After the food delivery company raised funds in 2017, its value was at least $2 billion, but no updated valuation has been made by the company since the $575 million investment led by Amazon and subsequent lockdown boom.

The Amazon deal, initiated in May 2019, was subject to scrutiny from regulators concerned that Amazon’s stake in Deliveroo could harm competition by preventing Amazon from re-entering the online restaurant delivery market or expanding its presence in convenience grocery delivery.

The pandemic has also provided an opportunity for food delivery companies to branch into other home delivery sectors. As British supermarkets — already a cutthroat industry — battle for supremacy in the e-commerce space, they have turned to this existing and agile sector to quickly expand their home delivery services.

Deliveroo has partnered with grocer Waitrose JLH, , while rival UberEats UBER, -0.59% delivers groceries for Walmart’s WMT, +0.52% Asda, and Morrisons’ MRW, foodstuffs are available via Amazon with free delivery for Prime members on orders over £40 ($51).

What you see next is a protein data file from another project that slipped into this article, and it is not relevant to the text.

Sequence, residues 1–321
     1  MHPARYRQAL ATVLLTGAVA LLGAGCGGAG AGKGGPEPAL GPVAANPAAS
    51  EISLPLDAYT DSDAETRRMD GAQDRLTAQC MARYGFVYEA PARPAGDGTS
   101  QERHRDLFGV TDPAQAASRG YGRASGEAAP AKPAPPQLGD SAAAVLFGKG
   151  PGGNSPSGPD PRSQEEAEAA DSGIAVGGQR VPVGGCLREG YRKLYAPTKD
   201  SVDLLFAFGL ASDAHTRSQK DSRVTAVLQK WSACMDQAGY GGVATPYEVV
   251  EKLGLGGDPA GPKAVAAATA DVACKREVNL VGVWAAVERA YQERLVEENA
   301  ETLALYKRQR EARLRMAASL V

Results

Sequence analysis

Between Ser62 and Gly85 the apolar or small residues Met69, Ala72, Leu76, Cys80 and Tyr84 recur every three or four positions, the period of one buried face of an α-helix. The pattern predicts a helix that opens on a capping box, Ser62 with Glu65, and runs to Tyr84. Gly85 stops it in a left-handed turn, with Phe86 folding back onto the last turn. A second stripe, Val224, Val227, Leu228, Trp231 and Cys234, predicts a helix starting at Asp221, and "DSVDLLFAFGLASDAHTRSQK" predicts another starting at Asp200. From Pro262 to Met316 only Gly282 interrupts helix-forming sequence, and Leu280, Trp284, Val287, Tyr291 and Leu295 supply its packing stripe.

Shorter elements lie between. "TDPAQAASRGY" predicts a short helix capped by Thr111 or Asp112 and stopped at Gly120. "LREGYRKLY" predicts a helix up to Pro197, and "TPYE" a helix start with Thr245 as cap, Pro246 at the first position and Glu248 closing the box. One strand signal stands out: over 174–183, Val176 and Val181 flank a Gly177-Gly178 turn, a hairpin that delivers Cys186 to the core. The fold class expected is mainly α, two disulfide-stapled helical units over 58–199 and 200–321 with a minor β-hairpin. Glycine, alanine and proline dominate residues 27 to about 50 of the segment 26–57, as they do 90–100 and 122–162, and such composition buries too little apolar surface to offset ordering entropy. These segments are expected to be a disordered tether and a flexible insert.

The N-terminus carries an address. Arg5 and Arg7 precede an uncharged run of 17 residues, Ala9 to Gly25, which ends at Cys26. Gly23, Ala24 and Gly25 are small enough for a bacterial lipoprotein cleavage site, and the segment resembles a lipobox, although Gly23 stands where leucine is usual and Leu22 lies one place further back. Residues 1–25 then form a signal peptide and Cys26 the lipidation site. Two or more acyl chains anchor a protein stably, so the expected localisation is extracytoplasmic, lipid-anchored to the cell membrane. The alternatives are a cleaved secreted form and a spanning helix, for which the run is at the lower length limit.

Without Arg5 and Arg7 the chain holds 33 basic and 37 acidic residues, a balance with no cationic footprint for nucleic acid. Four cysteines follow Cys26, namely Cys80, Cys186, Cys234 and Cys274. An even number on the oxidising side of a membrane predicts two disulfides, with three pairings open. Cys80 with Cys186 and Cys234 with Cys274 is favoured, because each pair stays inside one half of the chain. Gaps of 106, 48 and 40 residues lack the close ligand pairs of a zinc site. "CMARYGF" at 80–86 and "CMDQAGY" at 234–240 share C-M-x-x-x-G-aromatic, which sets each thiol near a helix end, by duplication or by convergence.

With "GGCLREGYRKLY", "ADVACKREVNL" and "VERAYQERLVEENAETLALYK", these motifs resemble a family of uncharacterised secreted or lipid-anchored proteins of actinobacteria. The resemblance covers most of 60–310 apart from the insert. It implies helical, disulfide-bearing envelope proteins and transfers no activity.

The Margin: David Attenborough joins Instagram because ‘the world is in trouble’

Start an Instagram account. Save the world.

That’s the approach that British broadcaster and conservationist Sir David Attenborough is taking to amplify his call to address climate change and protect the planet.

The 94-year-old narrator of BBC’s “Planet Earth,” who has spent 60 years working in television and radio, revealed in his first-ever Instagram post on Thursday that he’s joined the Facebook-owned FB, +0.20%  social media platform because “the world is in trouble.”

“Continents are on fire. Glaciers are melting. Coral reefs are dying. Fish are disappearing from our oceans. The list goes on and on and on,” Attenborough says in his video post to his official @davidattenborough account. “But we know what to do about it. And that’s why I’m tackling this new way — for me — of communication.”